The Rise and Fall of Reconstruction in Virginia
Author: Jane Fett, Laura Spangler, and Karen Walker
Grade Level: Elementary School
Time Estimated: 7 to 10 days (50 minute classes)
In this unit, a heterogeneous group of 4th grade students will examine the efforts made in Virginia to restore order following the Civil War, in the period known as Reconstruction. Previously, students have studied the Civil War and the surrender at Appomattox Court House. In this unit, they will examine the effectiveness of those efforts at Reconstruction, and how people in Virginia reacted to the dramatic changes unfolding at the time. Lessons will include primary documents to help expand studentís knowledge base and build vocabulary associated with the events.
After the Civil War, the South had to rebuild its land, economy, and social structure. To help in the Reconstruction, Congress established the Freedmen's Bureau on March 3, 1865 placing it under the jurisdiction of the War Department. The Bureau was designed to provide aid to 4,000,000 newly freed African Americans in their transition from slavery to freedom. This included helping them find new homes and employment, improving educational opportunities, and providing health facilities. It could be considered the first federal welfare agency. One of the primary functions of the Bureau was to address the day-to-day problems of the freedmen and destitute whites. Numerous requests were received for aid in finding clothing, food, jobs, homes, and care for orphans and the aged. The Bureau had notable success in the education and health areas creating over 4,000 schools and 100 hospitals, but it was unable to establish lasting civil rights for African Americans.
Andrew Johnson became President after Lincolnís assassination. As a politician with racist views and a proponent of states rights, he supported a lenient amnesty for ex-Confederates and though he supported abolition, he did not believe blacks should have the right to vote. Johnsonís stubborn refusal to compromise placed him constantly at odds with Congress who believed that ex-Confederates should be punished, ex-slaves should have civil rights, and provided with services to ease the transition from slavery to freedmen. When Civil Rights legislation was passed, Johnson vetoed it. A bitter power struggle ensued over the direction of Reconstruction and ultimately resulted in the impeachment of Johnson.
While these two parties were feuding, the South was struggling to recover. After the war, Union troops (including some African Americans) patrolled most southern cities. The white citizenry resented their occupation and conflicts ensued. As ex-slaves took action to maintain freedom, the former ruling class developed methods to slow the process. Black codes known as Jim Crow Laws were instituted, the KKK terrorized blacks and their sympathizers, and unfair sharecropping practices continued to keep ex-slaves and poor whites at an economic disadvantage. Additionally, entrepreneurs, known as carpetbaggers, inundated the area taking advantage of the war-torn South.
Reconstruction was unsuccessful for several reasons. Andrew Johnson missed an historic opportunity to effect dramatic reform in the South. Johnson not only supported racist views prevalent in the South, he ignored the violence and discrimination that prevailed. Succeeding Republican administrations failed to sustain the Congressional plan for Reconstruction which officially ended in 1876 when troops were withdrawn from the South. Additionally, white Southerners never adjusted their attitudes toward the changed status of the freedmen, and they were never held accountable for continued inhumane behaviors.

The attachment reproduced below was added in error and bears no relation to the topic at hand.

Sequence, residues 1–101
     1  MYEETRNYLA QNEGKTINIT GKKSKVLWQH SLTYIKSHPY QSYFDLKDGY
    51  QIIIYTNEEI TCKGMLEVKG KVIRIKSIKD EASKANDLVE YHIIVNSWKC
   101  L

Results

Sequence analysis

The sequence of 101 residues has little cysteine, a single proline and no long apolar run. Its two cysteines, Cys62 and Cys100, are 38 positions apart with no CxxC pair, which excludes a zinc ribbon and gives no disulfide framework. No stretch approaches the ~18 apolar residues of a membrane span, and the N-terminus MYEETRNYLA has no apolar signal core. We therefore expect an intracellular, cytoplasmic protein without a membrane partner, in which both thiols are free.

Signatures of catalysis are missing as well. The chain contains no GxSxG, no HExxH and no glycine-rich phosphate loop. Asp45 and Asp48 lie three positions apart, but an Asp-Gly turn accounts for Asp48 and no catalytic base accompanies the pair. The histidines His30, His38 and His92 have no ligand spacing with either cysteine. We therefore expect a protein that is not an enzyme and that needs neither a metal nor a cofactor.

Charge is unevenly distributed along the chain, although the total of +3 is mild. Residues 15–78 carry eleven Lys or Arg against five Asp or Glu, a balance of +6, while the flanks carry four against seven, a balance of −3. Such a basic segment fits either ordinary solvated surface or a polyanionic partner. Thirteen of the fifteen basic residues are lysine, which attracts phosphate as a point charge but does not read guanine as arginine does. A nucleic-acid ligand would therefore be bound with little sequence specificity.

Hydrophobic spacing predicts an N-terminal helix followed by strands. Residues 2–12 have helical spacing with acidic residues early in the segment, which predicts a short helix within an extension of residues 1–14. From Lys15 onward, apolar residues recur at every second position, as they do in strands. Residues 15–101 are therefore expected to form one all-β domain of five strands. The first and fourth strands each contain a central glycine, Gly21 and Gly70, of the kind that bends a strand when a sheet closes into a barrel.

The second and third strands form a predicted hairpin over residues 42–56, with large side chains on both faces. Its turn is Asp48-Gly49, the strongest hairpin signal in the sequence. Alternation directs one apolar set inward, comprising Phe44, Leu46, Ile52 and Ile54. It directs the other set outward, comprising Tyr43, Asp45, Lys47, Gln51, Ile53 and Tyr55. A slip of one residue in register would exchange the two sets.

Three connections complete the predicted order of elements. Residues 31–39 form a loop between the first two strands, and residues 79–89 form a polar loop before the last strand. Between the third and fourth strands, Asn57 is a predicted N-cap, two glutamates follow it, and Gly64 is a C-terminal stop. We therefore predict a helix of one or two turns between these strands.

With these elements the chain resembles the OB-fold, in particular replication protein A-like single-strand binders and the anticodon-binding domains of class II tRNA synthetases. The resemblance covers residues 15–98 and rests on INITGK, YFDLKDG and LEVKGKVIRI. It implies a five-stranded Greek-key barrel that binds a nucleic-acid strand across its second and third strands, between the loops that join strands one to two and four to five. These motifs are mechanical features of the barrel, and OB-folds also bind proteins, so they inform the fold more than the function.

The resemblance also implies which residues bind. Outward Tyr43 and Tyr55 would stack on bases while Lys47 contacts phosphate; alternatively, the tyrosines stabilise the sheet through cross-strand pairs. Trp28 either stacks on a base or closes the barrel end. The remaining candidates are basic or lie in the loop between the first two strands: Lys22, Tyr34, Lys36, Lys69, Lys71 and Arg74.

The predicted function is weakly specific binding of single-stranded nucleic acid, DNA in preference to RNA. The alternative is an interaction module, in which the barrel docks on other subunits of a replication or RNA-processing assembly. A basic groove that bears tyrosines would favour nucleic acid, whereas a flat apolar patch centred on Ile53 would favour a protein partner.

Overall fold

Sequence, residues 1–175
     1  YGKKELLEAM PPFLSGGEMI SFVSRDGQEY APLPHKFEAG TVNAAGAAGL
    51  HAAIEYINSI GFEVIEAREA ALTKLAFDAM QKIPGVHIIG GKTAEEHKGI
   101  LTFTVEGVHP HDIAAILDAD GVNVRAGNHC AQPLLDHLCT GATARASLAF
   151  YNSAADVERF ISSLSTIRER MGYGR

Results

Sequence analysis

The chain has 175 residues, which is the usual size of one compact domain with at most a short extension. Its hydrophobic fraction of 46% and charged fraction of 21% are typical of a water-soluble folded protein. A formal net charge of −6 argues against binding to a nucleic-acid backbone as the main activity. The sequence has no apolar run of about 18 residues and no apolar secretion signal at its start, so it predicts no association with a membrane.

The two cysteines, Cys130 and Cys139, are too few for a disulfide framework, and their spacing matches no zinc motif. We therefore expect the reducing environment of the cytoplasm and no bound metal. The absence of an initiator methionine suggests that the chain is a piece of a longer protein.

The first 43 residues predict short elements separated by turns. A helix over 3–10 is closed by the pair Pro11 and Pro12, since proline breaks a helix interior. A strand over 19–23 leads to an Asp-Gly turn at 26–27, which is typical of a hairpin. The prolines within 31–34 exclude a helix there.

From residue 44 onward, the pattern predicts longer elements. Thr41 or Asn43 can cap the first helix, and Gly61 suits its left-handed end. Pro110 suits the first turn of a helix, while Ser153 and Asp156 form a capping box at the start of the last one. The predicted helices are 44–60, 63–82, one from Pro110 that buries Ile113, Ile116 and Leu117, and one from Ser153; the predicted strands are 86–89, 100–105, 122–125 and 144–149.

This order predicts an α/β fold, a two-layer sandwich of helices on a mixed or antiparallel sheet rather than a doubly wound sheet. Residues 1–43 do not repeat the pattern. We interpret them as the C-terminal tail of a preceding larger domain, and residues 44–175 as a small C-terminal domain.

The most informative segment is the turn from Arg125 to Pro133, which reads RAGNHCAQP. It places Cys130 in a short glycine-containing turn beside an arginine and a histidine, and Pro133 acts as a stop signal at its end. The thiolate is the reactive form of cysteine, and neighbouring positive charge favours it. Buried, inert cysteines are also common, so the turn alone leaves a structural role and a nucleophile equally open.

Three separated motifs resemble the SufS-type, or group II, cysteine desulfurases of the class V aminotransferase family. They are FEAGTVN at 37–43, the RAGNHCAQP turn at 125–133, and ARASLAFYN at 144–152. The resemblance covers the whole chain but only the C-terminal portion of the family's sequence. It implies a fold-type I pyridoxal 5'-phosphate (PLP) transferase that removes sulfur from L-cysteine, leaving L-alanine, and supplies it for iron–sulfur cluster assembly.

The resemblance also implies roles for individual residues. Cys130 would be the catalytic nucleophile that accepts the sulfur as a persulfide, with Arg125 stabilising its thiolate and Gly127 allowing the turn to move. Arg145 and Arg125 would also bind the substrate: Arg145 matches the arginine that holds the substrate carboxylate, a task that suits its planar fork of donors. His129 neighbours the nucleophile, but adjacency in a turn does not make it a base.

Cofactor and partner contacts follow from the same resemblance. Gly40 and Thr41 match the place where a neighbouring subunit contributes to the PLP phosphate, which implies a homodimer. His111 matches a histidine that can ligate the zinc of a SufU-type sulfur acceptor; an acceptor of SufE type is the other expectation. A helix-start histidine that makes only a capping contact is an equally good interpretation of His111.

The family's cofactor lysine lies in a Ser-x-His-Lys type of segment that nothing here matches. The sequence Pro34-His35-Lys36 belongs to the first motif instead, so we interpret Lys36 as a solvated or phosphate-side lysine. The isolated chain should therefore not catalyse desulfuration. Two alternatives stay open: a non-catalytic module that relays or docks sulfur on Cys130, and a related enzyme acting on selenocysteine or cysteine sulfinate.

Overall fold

Abraham Lincoln designed a compassionate plan for Reconstruction in an attempt to restore order and stability in the South and unite the country as soon as possible. The plan ultimately failed because of the confrontational approach of Andrew Johnson, the waning commitment of succeeding Republican administrations to guarantee civil rights for freedmen, and concern about the expansion of federal powers.
- Recognize the degree of destruction in the cities, farms, plantations, railroads, bridges, and banks in Virginia following the Civil War.
- Understand how the Freedmenís Bureau was organized in an attempt to help find jobs, homes, and schools for freed blacks and poor whites in Virginia.
- Explain how sharecropping worked by putting together a puzzle of what was once a large plantation.
- Understand that a new Constitution was written in Virginia following the Civil War.
- Draw conclusions from primary source documents that state different views about how to rebuild the South after the Civil War.
- Assess the effectiveness of Reconstruction and why it failed.
- Recognize Jim Crow laws and segregation as an outcome of the failure of Reconstruction.
VS.1 The student will develop skills for historical and geographical analysis including the ability to:
a. identify and interpret artifacts and primary and secondary source documents to understand events in history;
b. determine cause and effect relationships;
d. draw conclusions and make generalizations;
e. make connections between past and present;
f. sequence events in Virginia history;
g. interpret ideas and events from different historical perspectives.
VS.8 The student will demonstrate knowledge of the Reconstruction of Virginia following the Civil War by:
a) identifying the effects of Reconstruction on life in Virginia
b) identifying the effects of segregation and Jim Crow on life in Virginia